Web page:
Arts & Culture

Embroidery and some of its roots

It’s February. That means the start of mud puddle season and maple sugar, but it’s also a good time to spend some time inside doing do-it-yourself projects. And since spring is only a month or two away, I’m feeling the need to add some flower decorations to my current wardrobe. Embroidery is a great method to create fancy patterns on cloth that you can design yourself. Though embroidery is a very old tradition, it is one of the most special pieces of textiles surviving today. This form of stitchery can be found on everything from samplers hundreds of years old to your baseball hats.

The Bayeux tapestry, a massive work of embroidery that depicts the history surrounding the British throne at the time, dates back to 1076. In 1066, the death of the king of England left two possible people who could claim the throne: William, Duke of Normandy, and the Anglo-Saxon, Harold Godwinson, the Earl of Wessex. Thus, began a drawn out struggle between the two men, resulting in Harold’s death in the battle of Hastings and William’s coronation as the king of England.

At twenty-inches high and almost two-hundred-and-thirty-feet in length, the sheer size of the Bayeux tapestry is unbelievable. And over this enormous stretch of fabric are seventy-five separate scenes, each describing in intricate detail the moves the Normans took to conquer the British monarchy. The embroidery itself is crafted using wool yarn sewn into the woven linen cloth. Actually, the name tapestry isn’t quite accurate since the definition of a tapestry is a picture woven into cloth, rather than a cotton or linen that has been embroidered over.

In other examples of embroidery throughout history, girls embroidered beautiful samplers, which would include letters from the alphabet or a bible verse to show their abilities in the craft.

The modern form of cross stitching comes out of this tradition. Developments allowed women of all class situations to purchase embroidery patterns and procure cheaper materials, making the craft more widespread. Today, computer software connected with embroidery machines can create the beautiful patterns we see on everyday street wear.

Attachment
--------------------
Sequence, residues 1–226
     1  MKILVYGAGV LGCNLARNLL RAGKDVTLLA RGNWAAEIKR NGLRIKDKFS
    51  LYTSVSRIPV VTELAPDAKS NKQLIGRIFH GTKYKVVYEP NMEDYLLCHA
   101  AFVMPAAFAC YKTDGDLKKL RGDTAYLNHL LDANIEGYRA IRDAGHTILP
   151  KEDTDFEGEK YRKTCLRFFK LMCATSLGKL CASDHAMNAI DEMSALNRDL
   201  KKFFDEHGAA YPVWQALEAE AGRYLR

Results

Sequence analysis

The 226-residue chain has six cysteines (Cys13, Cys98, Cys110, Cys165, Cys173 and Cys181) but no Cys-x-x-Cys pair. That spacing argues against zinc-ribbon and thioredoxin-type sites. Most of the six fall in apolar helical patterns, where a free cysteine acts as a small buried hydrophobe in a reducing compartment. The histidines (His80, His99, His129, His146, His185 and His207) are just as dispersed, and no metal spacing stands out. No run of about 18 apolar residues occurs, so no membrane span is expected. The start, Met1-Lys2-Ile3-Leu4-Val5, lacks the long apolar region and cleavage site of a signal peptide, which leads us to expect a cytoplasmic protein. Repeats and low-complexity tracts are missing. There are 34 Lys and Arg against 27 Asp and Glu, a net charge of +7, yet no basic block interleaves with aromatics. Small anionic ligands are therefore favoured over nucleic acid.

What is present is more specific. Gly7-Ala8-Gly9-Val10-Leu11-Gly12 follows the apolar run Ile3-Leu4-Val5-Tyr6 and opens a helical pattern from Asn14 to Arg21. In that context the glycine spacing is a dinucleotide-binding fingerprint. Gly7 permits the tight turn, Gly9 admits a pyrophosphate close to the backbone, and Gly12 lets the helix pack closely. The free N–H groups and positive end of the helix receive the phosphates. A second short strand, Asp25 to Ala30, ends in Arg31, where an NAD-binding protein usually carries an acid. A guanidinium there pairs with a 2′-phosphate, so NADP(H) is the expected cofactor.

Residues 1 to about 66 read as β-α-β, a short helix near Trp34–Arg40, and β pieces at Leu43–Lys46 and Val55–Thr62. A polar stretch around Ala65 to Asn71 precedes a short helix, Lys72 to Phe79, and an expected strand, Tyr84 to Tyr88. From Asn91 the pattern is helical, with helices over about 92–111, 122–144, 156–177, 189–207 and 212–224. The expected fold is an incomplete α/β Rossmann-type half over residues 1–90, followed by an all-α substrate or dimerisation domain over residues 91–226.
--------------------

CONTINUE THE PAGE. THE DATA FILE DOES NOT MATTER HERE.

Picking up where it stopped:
This brings up an important point—the difference between haute couture and street fashions. In haute couture where clothing is runway-ready, all embroidery is hand done rather than in ready-to-wear fashions, which are mainly machine embroidered. It takes special training to become an haute couture embroiderer, but it is possible with schooling. The professional requirements include being able to work with all types of fabric, bedazzle with buttons and gems, and create a full outfit.

Here are a few tips for getting started with your embroidery. When doing the actual stitching, make sure to have the right fabric so that your thread is not too heavy for its weight and thickness. Often, when embroidering onto already made garments, you won’t have the luxury of being able to deconstruct the clothing item to fit it into an embroidery hoop. It’s really okay in these cases to just embroider onto the clothing without any tension in the cloth. But it is really important when working with stretchy fabrics, even cotton muslin, to pull them taught over a frame before beginning embroidery. One last quick tip is to always sketch what you want your pattern to look like before sewing because it might look really good in your mind, but when you get it on paper, you might find out that it is not doable.

Embroidery is all about creativity, so as long as you have a needle, some thread, a good fabric, a hoop, and your mind, you should be good to go. But just for starters, here are three common and helpful stitches.

The running stitch is a simple one where you poke uniform holes through the stuff of your cloth to create what looks like a dotted line.

The satin stitch is where you create a shape by controlling the length or height of your stitches, putting them all next to each other.

The chain stitch adds a nice bit of texture to your embroidery. It is created by doing a running stitch, but not pulling the thread down tight, and then coming back to where you started the stitch and inserting the needle again. You should create a small loop which you will fasten down by putting the next stitch through that one, creating a chain affect.

Picture credits:

<https://www.pinterest.com/pin/155303887181721527/>

<https://stitchfloral.blogspot.com/2018/01/running-stitch-tutorial.html>

<https://www.pinterest.com/pin/491807221802357993/>

<http://www.embroidery.rocksea.org/stitch/chain-stitch/chain-stitch/>

 

 

Embroidery Resources:

<https://sayitwithstitches.net/the-history-of-embroidery/>

<https://www.folklorecompany.com/en/embroidery/the-history-of-embroidery/>

<https://trc-leiden.nl/trc-needles/techniques/embroidery/general-embroidery/brief-history-of-hand-embroidery>

<https://www.khanacademy.org/humanities/ap-art-history/early-europe-and-colonial-americas/medieval-europe-islamic-world/a/bayeux-tapestry>

3 Comments

  1. Naomi Hochstedler

    Awesome! I love embroidery. =)

  2. Sashira Camacho

    Great as always! Embroidery is so cool and I really enjoyed it when I did it!

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